Artful Strings exhibit provides extensive culture of harp making and Celtic music
Published: Wednesday, February 29, 2012
Updated: Wednesday, February 29, 2012 17:02
In an interactive and visually stunning exhibit, the Albin Polasek Museum of Winter Park teamed up with the International Harp Museum to present "Artful Strings: Four Centuries of Harp Making." The exhibit offers a wealth of information on the history of the instrument, its cultural influences and a hands-on experience with a model harp that visitors can play. In an effort to demonstrate the range of the harp as an instrument, the International Harp Museum is also hosting a harp concert series at the Broadway United Methodist Church in downtown Orlando.
The Albin Polasek Museum is one of Winter Park's hidden gems and a perfect match for Artful Strings. The museum's works include sculptures by Albin Polasek, demonstrating the Czech artist's love for music.
Museum curator Rachel Frisby hopes to show a different, more accessible side to the instrument through the exhibit.
"Harps are seen as performance art pieces, and it's intimidating," Frisby said. "The exhibit gives visitors an opportunity to interact and have fun. We want people to enjoy the harp."
Artful Strings functions as a user-friendly exhibit to those interested in the instrument. There is a chance to experiment with a wooden, double-action model harp where visitors are encouraged to sit and play, with colored strings to mark different notes and octaves.
Thirty out of the 50 harps in the museum's collection can be seen in the Artful Strings exhibit, including contemporary African, Asian and South-American harps. The museum's traditional African folk harps are unique, as different tribes practice various methods of creation, which include snakeskin that is stretched over a gourd with twine used for strings. Other harps originating from Myanmar, Paraguay and Europe vary in materials. The exhibit includes a display of the gilding process used on many harps by using gold leaf, an extremely delicate material applied by hand.
From ornate 17th-century harps to traditional folk pieces, the exhibit gives visitors an appreciation for the grandiose instrument.
"There is a definite conservation challenge for some of the older pieces in the exhibition. The harps are transported very carefully one at a time by the collectors," Frisby said.
Older pieces in the collection are made of plaster and are extremely heavy and cumbersome to move Frisby said.
In addition to an admiration for the aesthetics and craftsmanship of the harp, the exhibit portrays the musical skill set that is involved in playing. While deemed simpler in the construction of the instrument, Celtic harps are also known as lap harps, and while they have a more limited range, they must be tuned by hand.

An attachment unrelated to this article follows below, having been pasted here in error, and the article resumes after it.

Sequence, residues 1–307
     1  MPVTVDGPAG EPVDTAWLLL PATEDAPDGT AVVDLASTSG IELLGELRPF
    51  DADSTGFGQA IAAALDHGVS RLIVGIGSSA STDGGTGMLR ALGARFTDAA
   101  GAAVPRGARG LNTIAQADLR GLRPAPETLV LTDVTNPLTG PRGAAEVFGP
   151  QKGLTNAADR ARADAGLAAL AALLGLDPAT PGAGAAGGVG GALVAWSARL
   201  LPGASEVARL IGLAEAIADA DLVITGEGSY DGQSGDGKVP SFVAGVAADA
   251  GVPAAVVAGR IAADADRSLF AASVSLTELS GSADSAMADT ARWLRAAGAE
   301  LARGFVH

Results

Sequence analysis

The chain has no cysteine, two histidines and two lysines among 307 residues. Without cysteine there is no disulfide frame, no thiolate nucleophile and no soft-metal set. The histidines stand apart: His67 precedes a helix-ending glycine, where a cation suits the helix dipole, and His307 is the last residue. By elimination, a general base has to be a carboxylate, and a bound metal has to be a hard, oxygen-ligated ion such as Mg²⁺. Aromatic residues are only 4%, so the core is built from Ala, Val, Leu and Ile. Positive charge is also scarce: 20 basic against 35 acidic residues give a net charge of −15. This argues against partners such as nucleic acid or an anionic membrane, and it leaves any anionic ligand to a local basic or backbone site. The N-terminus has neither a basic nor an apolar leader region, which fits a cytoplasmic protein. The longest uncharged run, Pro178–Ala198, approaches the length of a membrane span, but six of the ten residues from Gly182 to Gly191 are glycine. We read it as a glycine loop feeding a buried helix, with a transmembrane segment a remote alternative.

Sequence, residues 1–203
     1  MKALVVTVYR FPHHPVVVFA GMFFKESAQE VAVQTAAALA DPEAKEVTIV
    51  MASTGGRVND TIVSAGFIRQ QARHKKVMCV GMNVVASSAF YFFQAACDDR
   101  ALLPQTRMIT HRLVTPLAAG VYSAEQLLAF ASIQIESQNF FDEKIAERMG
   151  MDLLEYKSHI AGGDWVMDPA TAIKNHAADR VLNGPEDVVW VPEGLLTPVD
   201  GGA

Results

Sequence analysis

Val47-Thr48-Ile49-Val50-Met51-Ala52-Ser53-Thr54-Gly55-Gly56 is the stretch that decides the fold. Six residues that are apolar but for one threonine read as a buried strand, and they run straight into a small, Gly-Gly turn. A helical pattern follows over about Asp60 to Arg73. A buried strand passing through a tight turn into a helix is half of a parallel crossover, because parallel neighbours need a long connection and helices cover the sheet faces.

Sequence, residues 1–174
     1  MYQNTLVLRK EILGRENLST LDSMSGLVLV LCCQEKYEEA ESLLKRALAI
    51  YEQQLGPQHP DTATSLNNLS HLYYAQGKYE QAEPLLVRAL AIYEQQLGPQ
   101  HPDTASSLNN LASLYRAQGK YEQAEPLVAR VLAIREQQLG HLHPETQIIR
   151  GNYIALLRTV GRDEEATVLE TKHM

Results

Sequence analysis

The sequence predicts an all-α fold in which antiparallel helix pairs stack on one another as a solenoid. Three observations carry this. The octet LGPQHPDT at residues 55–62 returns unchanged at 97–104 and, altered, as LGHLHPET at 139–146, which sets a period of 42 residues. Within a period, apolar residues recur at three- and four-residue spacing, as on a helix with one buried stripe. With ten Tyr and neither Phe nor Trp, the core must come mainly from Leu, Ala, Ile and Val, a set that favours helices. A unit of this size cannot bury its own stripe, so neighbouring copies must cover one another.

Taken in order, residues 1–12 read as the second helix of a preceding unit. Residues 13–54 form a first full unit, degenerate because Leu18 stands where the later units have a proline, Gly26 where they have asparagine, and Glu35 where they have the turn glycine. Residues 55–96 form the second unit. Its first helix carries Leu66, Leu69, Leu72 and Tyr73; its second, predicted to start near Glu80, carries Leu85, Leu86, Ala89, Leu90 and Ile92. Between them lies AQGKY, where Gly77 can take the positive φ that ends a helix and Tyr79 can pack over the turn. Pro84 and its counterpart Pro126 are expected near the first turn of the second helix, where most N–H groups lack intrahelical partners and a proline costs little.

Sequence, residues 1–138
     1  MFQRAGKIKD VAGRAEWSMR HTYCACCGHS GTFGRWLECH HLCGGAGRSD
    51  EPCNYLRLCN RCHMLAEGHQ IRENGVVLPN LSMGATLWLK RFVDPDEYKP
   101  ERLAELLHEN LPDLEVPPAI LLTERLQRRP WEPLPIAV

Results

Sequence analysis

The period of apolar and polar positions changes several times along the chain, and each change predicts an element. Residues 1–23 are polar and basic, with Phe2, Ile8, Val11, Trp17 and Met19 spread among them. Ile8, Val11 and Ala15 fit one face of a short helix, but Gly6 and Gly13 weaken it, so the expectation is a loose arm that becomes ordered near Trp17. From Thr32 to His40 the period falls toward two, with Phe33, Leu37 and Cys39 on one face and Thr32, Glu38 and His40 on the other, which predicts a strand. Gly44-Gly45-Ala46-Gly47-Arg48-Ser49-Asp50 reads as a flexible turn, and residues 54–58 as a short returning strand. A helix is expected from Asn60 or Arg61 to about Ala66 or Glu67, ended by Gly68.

"It's easier to tune a pedal harp, and a [Celtic harp] is more difficult because musicians have to tune it themselves. You might have to tune in the middle of a song while performing," Frisby said.
Julia Lane of the Celtic harp pair Castlebay exhibited this difficulty during the concert at Broadway United Methodist this past Sunday, tuning in between songs to accommodate each different pitch of the set. A prominent part of keeping Celtic traditions alive, Castlebay comprises a husband and wife, Lane and Fred Gosbee. Lane began playing the harp at 32, realizing that the harp as an instrument was integral to Celtic history.
"It was more of a curiosity than a passion. I played guitar and piano, and I have a Celtic family background," Lane said. "When I realized the importance of Celtic history, and that the harp was a big part of it, I began playing. Celtic folk songs and tales are like fairy tales set to music."
Lane's husband, woodworker and musician Gosbee, crafted her harp by hand. He has made 12 harps so far and is in the process of building three more.
Orlando Harp Society member Janet Emens appreciated the unique nature and style of Castlebay's music. International Harp Museum founder and director Meko aimed to provide concerts to share his love of the harp, including as wide a range of musicians as possible.
"It was very different, the harp concerts held here have been so diverse," said Emens, who has played the harp for two years. "You see all different techniques, but it's hard to keep track. You learn the rules and then you break them I guess."
Concertgoers such as Norma Jeane Young felt joyful listening to the harpists.
"The harp is the ultimate instrument of joy," Young said. "It felt like I was back in old Ireland. They were so unified and harmonious."
The Artful Strings exhibition runs through April 15 at the museum, and harp events in conjunction with the exhibit run through April 1. Upcoming events at the Broadway United Methodist Church include the Aletheia Duo Harp and Flute concert on Sunday, March 25 at 3 p.m. and classical harpist Elizabeth Hainen at 3 p.m. on April 1